Discovering women artists of the past to support artists of present
When the Tate Modern opened its new extension in 2016, half of the new gallery space was filled with women artists, increasing overall representation in the museum from 17% to 36% while in 2020 the National Gallery will have its first solo exhibition on a historic female artist, 17th-century Italian baroque painter Artemisia Gentileschi.
This lack of visibility is not from a lack of content. Women, despite greater restrictions and barriers imposed on them than men, have been producing thousands of pieces of art over the centuries.
According to the National Museum of Women in the Arts, 51 per cent of visual artists today are women, however this number is not represented in museums, exhibitions and galleries.
The importance of women artists
Celebrating women’s art is important not just for the artists themselves, but also for the museums and the curators.
Times are changing, and art institutions need to keep up or risk becoming irrelevant and out-of-date. In the past, art was mainly the domain of rich, white, upper-class men. Now, thanks to better education, an increase in communication, a wider spread of wealth, and technological developments, art is being appreciated by a more diverse group of people.
This is why, if museums wants to attract more visitors, they need to make sure their art reflects society’s modern demographic, and that includes more women.
Museums and galleries are catching onto this change. Many are now extending their collections to include women artists and some are even selling works of famous male artists to feed the money into acquiring lesser-known pieces of women’s art.
Rule breakers and change makers
In a male-dominated industry, often women artists are often the rule breakers and change makers using their talent to challenge the status quo.
One such group of activist artists is the Guerrilla Girls, feminists who fight sexism and racist within the art world through the method of culture jamming.
In 1985, the group was formed in response to New York’s Museum of Modern Art’s exhibition where, out of 165 artists, only 13 were women.
Since their initial protest, the Guerrilla Girls have created countless pieces of art and design to subvert the sexism encoded in the art world. Famous statements have included “Do women have to be naked to get into the Met Museum? Less than 5% of the artists in the Modern Art Sections are women, but 85% of the nudes are female.” In 1985 and 2014, Guerrilla Girls also named and shamed galleries that had little or no representation of women artists.
Lots can be done to increase the representation of women in galleries – not just activism.
Here are some steps art leaders, experts and appreciators can make to bring out better equality in the art world.
Unearthing women artists from the past
The first step forward is to look backwards and readdress women forgotten in history.
Shining a spotlight into these lesser-lit corners of the past shows that the culture of women in art is long-standing, as opposed to being a niche novelty that sits on the margins of canonical art.
Revealing this rich history of women’s artists will prove that it’s a lack of visibility, as opposed to a lack of content, which has set women’s progress back.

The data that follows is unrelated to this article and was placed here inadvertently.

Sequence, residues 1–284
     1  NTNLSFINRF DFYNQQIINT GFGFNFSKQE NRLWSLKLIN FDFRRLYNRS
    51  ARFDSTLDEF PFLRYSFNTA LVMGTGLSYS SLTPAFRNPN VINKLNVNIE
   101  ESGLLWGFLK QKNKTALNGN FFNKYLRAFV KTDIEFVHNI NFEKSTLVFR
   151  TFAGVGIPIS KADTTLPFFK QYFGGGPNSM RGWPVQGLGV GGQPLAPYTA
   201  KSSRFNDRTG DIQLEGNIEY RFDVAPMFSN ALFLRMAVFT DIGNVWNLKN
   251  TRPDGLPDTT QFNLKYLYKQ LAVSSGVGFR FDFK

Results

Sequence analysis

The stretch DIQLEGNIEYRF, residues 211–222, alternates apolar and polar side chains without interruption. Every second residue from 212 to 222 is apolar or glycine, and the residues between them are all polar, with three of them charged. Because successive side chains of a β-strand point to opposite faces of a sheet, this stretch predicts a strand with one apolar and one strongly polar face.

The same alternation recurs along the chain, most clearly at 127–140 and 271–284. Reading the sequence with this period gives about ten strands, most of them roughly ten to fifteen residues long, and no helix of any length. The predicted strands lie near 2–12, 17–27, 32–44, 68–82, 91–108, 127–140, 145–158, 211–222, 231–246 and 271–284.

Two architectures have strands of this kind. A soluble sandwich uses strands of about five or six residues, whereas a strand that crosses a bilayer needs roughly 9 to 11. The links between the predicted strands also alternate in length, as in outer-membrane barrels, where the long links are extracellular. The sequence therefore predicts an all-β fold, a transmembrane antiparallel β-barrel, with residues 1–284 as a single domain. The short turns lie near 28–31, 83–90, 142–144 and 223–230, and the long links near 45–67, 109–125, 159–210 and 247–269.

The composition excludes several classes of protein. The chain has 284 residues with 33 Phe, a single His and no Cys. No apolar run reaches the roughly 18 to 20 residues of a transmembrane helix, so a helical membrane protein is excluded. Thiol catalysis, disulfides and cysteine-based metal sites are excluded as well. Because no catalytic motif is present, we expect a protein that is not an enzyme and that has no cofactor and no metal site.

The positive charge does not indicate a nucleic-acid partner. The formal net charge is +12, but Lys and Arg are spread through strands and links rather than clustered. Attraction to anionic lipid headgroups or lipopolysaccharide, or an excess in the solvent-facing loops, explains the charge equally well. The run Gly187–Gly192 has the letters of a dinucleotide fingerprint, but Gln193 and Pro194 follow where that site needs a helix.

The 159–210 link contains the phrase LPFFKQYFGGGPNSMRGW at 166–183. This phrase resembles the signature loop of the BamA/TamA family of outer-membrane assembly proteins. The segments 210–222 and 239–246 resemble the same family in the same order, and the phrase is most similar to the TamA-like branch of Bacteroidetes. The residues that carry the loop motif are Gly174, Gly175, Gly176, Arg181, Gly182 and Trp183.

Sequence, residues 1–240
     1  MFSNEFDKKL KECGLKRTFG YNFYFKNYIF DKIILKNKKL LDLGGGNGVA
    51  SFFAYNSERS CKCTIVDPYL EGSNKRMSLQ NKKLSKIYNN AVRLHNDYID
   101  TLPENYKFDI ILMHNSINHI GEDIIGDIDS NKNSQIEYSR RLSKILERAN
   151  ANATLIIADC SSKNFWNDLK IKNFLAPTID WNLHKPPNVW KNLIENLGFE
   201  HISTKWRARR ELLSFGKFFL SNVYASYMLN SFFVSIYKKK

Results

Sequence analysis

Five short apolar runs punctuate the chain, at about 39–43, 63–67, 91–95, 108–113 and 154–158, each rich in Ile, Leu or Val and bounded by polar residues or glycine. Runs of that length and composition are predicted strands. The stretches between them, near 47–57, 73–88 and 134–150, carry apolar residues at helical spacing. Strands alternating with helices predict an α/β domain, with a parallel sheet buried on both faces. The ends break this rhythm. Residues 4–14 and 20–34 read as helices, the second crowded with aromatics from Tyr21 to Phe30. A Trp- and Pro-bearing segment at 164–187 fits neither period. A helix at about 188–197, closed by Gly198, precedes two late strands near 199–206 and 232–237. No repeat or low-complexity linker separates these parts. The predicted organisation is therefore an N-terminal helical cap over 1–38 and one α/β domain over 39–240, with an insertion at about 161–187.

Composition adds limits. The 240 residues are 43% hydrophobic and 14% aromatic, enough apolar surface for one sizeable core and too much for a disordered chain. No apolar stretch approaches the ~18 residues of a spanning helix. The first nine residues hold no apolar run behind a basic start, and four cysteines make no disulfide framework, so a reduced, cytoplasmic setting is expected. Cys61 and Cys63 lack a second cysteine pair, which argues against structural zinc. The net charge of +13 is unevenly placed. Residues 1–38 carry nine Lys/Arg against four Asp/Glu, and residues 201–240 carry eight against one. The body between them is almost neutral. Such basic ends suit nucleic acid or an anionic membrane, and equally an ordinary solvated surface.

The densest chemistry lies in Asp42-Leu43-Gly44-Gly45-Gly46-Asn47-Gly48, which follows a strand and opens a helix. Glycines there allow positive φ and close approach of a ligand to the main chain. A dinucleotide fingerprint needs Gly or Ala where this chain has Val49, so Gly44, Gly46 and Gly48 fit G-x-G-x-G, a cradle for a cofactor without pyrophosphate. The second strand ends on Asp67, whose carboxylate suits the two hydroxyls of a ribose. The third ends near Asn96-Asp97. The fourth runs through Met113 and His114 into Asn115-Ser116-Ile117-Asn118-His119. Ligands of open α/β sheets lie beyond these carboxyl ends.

Supporting women artists in the present
In celebrating women of the past, we can’t forget the artists of the present.
Women artists often receive less financial support than men. They also get less opportunities to exhibit in galleries, and are at the edges of the critics’ radar when it comes to showcases and reviews.
Museums need to acquire more women’s art at auctions; writers need to pen more pieces about women artists; members of the public need to visit more exhibitions that include women’s art.
Supporting the careers of women artists creates role models that can inspire other up-and-coming artists, both men and women.
Understanding the root cause of the problem
As with most issues of gender equality, it’s important that art leaders, experts and institutions look at the root cause for this lack of representation.
Is it because of education in schools, traditional stereotypes, lack of financial aid, or general social inequalities?
Enforcing 50/50 gender quotas is not the solution – it merely brushes the issues under the carpet and creates a false image of quality. For the best women artists to succeed, they need to be given support from the very beginning so that they can compete with men in a fair and natural way.
Attending exhibitions of female artists
Like the arts in general, museums are financially struggling, particularly in countries where entry is free. This means that curators like to stay safe with their exhibits and churn out a cycle of famous male artists to attract the crowds. The same goes for donors and collectors, who know that it’s easier to make money with known male names.
Curators need to be more adventurous and paint a richer picture of art’s past, present, and future – one that includes women.
It seems obvious, but ultimately it’s up to art lovers and museum visitors to make a difference. Museums are only responding to demand, and if we don’t attend exhibitions of female artists, their works will just keep gathering dust.
Pushing women from the margins into the centre
Women have had, and will always have, a huge presence in the art world, from artists to curators, patrons and muses.
Now, this presence needs to be pushed from the margins into the centre
It’s clear that women are pushing for change and that art institutions are responding, and hopefully soon the art world will honour a more accurate representation of history, and create a fairer picture of the future.